Archive for magic

THE GRIM COMPANY By Luke Scull – Reviewed

Posted in Reviews, Uncategorized with tags , , , , , , , , , , , , , , , , , , , , , , , , , , , , , , , , , , , , , , , , , , on January 19, 2015 by stanleyriiks

Having recently enjoyed the delights of Mark Lawrence and Andy Remic’s action fantasies, I was looking forward to this. But this is not Mark Lawrence or Andy Remic. Upon starting to read this I was most disappointed.

It starts slowly….

Mages rule the city states, tussling for power. They killed the gods, dooming themselves to limited magical material. But the brutal ruler Salazar, having lost his navy to one of his rivals, ups the stakes, destroying the city of Shadowport in a massive tidal wave that wipes out everyone and everything.

Two warriors, hunted by their former tribesmen, find themselves part of a rebel band.

A young man, desperate to be the hero he knows he is destined to be, has a rude awakening when he is almost killed, and runs away from his friends and family to try to prove himself.

Mmmm… The slow start isn’t particularly helped by the lack of a good hero, I don’t think the author knows who he wants us to root for: the annoying twerp who thinks he’s a hero, or the grizzled old warrior who groans with every move. The characters in the book just aren’t compelling, or likeable.

The story does start to get going in the second half, the characters actually start to come into their own and grow, and the long awaited action begins to take place.

What could have been a really good action fantasy, feels mostly flat and unrewarding. Sure, the second half of the book really does pick up, and here you get to see Scull at his full potential. But I very nearly didn’t make it that far.

If you’re looking for action fantasy, and have read all the books of Lawrence and Remic then go for Polansky. When you have exhausted all of those and if you’re still desperate for some fantasy action give Scull a try.

Really not sure if I will bother with the second book in this series or not. Disappointed.

ALOHA FROM HELL By Richard Kadrey – Reviewed

Posted in Reviews, Uncategorized with tags , , , , , , , , , , , , , , , , , , , , , , , , , , , , , , , , , , , , , , , , , , , , , , , , , , , , , , , , , , , , , , , , , , , , , , , , , , , , , , , , , , , , , , , , , , on September 6, 2013 by stanleyriiks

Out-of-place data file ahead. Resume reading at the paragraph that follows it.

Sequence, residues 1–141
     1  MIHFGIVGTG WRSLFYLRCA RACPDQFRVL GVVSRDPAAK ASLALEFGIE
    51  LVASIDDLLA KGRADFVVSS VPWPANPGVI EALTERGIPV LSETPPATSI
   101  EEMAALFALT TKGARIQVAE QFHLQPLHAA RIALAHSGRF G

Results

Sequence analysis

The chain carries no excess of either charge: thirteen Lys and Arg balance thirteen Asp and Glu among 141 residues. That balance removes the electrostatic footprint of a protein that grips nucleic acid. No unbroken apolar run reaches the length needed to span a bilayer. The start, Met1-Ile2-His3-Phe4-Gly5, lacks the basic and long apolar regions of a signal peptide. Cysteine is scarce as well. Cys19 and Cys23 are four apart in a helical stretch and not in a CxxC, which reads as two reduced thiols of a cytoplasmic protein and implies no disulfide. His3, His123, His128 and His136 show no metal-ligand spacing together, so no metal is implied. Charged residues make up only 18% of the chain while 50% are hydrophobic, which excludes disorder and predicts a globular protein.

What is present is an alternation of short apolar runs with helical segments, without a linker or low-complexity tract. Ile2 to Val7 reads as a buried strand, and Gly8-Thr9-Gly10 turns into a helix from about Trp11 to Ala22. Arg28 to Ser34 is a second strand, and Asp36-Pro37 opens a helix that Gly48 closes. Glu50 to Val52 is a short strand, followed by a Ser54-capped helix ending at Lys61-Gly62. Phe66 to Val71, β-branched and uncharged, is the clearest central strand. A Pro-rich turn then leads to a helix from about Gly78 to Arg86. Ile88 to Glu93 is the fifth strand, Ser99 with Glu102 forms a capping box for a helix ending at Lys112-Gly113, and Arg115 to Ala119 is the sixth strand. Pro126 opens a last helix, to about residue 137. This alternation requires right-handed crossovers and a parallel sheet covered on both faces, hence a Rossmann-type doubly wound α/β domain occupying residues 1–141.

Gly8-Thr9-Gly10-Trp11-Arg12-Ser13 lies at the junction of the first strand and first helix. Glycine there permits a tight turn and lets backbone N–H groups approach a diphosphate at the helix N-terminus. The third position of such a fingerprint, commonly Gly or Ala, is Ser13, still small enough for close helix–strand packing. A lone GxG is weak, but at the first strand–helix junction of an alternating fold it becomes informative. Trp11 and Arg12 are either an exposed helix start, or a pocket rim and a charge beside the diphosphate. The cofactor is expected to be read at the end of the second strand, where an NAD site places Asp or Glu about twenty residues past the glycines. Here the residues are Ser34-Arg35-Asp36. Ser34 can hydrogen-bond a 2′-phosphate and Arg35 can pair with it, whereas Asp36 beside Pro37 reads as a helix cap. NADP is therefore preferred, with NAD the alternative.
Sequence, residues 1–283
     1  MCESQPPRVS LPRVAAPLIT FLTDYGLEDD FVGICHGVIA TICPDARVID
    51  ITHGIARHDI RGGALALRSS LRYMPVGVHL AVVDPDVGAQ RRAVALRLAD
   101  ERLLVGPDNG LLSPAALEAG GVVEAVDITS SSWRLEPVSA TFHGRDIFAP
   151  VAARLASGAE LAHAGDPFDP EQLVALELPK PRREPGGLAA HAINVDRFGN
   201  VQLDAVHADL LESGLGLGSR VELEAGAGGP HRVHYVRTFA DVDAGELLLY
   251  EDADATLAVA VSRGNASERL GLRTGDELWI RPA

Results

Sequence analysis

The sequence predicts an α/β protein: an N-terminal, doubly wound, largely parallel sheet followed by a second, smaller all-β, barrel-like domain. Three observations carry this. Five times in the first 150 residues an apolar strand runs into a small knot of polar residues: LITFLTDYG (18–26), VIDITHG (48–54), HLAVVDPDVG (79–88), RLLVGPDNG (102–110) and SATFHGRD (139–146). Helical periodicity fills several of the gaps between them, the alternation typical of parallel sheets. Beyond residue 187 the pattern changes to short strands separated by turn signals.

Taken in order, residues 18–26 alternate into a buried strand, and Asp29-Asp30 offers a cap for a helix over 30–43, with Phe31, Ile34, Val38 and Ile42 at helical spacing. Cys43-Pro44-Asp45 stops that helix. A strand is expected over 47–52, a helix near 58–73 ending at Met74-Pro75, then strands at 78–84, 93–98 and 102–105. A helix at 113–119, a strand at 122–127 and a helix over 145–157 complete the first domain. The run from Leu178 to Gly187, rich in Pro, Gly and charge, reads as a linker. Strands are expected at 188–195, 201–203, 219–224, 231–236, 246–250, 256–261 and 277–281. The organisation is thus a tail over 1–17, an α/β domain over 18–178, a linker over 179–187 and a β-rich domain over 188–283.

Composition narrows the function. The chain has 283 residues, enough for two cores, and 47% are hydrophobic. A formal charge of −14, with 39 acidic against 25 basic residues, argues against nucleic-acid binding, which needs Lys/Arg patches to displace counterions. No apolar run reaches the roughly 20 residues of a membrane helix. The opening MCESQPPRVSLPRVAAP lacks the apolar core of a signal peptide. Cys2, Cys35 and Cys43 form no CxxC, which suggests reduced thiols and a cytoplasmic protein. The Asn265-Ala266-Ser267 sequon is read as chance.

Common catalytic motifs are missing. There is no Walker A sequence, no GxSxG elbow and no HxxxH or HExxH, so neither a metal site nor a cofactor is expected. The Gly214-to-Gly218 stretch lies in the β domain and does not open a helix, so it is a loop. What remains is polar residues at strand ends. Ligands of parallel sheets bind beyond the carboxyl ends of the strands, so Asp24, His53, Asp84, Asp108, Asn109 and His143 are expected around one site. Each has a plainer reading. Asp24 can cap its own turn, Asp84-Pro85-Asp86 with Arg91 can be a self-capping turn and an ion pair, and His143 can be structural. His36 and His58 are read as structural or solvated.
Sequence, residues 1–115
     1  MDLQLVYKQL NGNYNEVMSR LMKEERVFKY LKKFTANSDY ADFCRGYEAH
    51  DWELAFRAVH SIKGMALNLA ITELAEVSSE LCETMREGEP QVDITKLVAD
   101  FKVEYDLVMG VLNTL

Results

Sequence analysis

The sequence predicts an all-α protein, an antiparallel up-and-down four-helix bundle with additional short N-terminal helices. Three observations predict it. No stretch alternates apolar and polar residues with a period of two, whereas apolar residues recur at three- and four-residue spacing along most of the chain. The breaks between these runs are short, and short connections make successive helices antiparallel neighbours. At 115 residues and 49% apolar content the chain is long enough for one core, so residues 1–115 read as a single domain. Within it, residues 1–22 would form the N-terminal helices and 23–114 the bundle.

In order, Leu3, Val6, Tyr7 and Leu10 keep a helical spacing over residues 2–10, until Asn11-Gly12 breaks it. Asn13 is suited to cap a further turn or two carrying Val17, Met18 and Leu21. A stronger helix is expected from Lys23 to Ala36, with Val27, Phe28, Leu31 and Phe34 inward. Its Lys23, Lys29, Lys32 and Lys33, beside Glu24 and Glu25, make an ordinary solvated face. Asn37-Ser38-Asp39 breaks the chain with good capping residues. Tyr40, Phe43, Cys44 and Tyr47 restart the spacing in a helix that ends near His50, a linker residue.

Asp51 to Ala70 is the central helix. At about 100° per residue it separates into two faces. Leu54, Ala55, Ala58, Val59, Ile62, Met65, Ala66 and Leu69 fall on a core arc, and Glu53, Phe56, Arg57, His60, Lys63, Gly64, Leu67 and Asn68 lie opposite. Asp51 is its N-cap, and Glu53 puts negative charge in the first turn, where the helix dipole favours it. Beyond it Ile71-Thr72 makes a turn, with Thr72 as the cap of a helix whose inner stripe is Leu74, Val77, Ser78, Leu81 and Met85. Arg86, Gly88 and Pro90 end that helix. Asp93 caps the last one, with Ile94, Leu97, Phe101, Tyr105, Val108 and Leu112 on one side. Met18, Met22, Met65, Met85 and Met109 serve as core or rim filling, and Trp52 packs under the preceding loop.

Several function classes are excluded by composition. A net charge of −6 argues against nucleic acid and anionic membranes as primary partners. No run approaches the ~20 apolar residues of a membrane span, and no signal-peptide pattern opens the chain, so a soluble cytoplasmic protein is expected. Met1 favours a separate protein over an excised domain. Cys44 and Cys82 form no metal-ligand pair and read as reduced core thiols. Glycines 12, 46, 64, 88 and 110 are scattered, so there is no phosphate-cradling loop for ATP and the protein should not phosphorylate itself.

I hate Richard Kadrey. I hate his books. I hate Sandman Slim, one of the greatest anti-heroes to ever be captured on the page.

Kadrey writes books I wish I’d written. He had created a world and characters that I can only dream of creating. He has plots that make me want to read the whole book in one sitting because I want to find out what happens so bad. But also I want to read slowly, to savour every sentence, and respect every line because there is such a wit and darkness in these pages.

This is the third book in the amazing Sandman Slim series, featuring Slim who is a magician returned from hell after turning monster fighter and demon killer. He lives in an LA underworld ruled by Sub Rosa (old magical) families and factions. And finds himself involved as a bodyguard to Lucifer, a private-detective and monster hunter. Slim is my hero. The dude rocks my world, and I wish, I so wish, that he was mine. We would have such great adventure together. But what am I saying? We do have such great adventures together, but that bugger Kadrey creates them! I don’t want to share, I want Slim all to myself.

The third book in the series see Slim having to head down to Hell as his nemesis is having success building an army of hellions and plans to head up to Heaven to destroy it, and then destroy the rest of the world. Of course, there’s excommunicated priests, demons and gods, magic, fighting, betrayal, lies, and all manner of excitement to get in the way of things moving along smoothly.

Slim narrates with a unique voice that entertains with a brisk pace and style that you will find hard to match. The closest comparable voice stylistically would be Joe Lansdale’s East Texas drawl. But Kadrey goes further, where most are afraid to go. He seems unafraid to deal with difficult and controversial issues such as religion and faith, all the while having a wicked sense of humour, and one hellish, fetid darkness that sucks the reader in.